My rating: 3 of 5 stars
Blurb From WHSmith
On a stormy night in small-town America, a couple, desperate and soaked to the skin, knock on a stranger's door. When Martha, a retired schoolteacher living a safe and conventional life, answers their knock, her world changes forever. For they are fugitives. Lynnie, a young woman with an intellectual disability, and Homan, a deaf man with only sign language to guide him, have escaped together from The School for the Incurable and Feebleminded, a brutal institution where people with disabilities are left to languish, shuttered away from the world. In a moment of despair, they reveal that Lynnie has a newborn baby. But, moments later, the police bang on the door. Homan escapes into the darkness, Lynnie is captured. But just before she is returned to The School, bound and tied, she utters two words to Martha: "Hide her". And so begins the unforgettable story of Lynnie, Homan, Martha, and baby Julia - lives divided by seemingly insurmountable obstacles, yet drawn together by a secret pact and extraordinary love.
The story of beautiful girl is more than Lynnie's story. The chapters are split between Homan, Lynnie, Martha and Kate telling the story over the years to present day. It starts with Lynnie and Homan busting out from the school to protect Lynnie's child and the events that unfold from that night.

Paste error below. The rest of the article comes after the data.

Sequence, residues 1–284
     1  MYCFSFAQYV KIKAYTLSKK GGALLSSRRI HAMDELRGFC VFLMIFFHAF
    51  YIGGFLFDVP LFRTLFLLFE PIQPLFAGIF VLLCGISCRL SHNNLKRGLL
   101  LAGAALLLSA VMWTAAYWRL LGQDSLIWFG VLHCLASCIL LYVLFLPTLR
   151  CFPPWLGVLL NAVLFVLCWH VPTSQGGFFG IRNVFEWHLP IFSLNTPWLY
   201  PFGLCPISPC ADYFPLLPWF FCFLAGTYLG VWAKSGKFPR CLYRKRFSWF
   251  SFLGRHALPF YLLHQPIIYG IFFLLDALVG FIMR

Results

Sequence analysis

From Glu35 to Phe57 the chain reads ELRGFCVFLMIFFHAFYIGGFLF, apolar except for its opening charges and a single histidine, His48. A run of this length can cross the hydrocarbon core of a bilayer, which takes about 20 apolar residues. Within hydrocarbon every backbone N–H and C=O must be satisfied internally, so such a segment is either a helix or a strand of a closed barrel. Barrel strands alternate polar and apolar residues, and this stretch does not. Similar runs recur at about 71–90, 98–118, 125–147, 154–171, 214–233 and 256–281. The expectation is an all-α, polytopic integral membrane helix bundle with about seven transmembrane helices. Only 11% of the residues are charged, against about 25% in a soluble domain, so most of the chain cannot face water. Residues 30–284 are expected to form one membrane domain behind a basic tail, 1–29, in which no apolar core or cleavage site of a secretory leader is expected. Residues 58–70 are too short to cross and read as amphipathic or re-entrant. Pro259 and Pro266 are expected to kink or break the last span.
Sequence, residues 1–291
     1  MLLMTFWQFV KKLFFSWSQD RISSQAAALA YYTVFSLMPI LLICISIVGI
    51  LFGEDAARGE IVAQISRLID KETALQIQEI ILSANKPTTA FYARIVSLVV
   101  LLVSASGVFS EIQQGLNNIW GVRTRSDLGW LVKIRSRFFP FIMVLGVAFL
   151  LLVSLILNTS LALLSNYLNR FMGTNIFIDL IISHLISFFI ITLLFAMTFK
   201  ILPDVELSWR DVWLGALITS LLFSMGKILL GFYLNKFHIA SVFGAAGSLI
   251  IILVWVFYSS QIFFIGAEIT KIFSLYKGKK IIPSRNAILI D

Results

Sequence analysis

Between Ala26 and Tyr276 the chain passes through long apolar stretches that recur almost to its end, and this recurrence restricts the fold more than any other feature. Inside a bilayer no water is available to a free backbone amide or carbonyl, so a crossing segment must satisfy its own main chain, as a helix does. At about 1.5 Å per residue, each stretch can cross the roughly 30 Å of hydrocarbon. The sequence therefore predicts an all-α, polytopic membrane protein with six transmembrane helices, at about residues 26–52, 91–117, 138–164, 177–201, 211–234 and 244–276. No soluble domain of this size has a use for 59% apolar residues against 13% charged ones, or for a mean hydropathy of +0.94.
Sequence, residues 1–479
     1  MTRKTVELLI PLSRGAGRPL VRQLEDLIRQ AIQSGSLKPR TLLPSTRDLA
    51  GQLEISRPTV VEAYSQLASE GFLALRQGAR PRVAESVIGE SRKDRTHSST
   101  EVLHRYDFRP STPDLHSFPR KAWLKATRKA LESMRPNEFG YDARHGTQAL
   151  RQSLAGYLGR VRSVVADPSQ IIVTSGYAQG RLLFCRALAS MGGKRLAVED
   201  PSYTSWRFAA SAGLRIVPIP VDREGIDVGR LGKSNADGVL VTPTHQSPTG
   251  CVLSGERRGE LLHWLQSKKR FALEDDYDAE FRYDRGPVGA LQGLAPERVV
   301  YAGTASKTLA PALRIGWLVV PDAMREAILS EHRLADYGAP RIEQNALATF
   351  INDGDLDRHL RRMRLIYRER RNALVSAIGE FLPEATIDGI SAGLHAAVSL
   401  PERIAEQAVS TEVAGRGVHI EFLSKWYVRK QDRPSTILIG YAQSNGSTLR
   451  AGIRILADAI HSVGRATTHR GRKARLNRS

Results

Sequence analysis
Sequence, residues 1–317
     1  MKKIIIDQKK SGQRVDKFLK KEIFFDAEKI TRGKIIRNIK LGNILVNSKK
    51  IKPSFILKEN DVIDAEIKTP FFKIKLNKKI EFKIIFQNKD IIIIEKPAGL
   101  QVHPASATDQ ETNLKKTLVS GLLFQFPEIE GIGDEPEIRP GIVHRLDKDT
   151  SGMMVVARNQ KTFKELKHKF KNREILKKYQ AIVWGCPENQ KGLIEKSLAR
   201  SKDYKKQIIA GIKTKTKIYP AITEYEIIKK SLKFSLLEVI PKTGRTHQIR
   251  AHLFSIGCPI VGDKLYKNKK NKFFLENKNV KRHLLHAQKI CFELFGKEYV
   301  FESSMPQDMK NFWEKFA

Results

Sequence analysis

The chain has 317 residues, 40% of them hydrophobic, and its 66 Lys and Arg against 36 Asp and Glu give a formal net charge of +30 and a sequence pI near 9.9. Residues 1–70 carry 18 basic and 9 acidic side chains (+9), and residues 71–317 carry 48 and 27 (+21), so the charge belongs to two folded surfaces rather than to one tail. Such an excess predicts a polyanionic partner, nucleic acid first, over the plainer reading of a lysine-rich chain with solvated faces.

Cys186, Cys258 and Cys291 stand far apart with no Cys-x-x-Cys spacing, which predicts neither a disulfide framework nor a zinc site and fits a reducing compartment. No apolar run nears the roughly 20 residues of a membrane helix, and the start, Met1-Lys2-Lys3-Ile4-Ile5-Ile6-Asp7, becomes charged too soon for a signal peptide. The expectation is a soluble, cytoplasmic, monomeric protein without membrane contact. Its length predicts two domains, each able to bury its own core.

This book has been rated with people loving it or hating it, I am on the fence to be honest. I loved Lynnie's bravery, her character, strength and what she achieved and becomes despite basically being written off with so many of the residents of the school. I loved reading about her and learning about the school and shocked to find out institutions like this actually existed (who said you learn nothing from fiction!). I loved Homan and Lynnie's love and their innocence and despite everything they experienced, never forgetting each other or Little One.
I hated how the chapters jumped in years and a lot of things were missed and never explained, you just had to fill in the blanks yourself and whilst some readers may like that it annoys me greatly. I felt some of Homan's chapters rambled on about nothing I felt relevant when we could have been reading more about Lynnie, Julia or Martha. I did enjoy reading his stories earlier in his life and the discovery of sign language on both counts though.
Overall the things that annoyed me didn't take away from my enjoyment and it is a great story, hard to read in some places as the bad things are no doubt what were experienced by real people who were kept in these institutions. 3/5 for me and I would read this author again as the style and flow were very easy to follow despite the jumps in years from chapter to chapter.
This book is part of the Richard and Judy Spring titles 2012 and on special offer on WHSmith.co.uk at the special price of only £3.99 (half price), http://www.whsmith.co.uk/CatalogAndSearc...
Thanks to WHSmith reviewer program for including me in this years choice and introducing me to this author.
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It sounds like the sort of book that would leave me wondering if I'd missed something.ReplyDelete
Lovely review Lainy. I felt similar to you about this one.ReplyDelete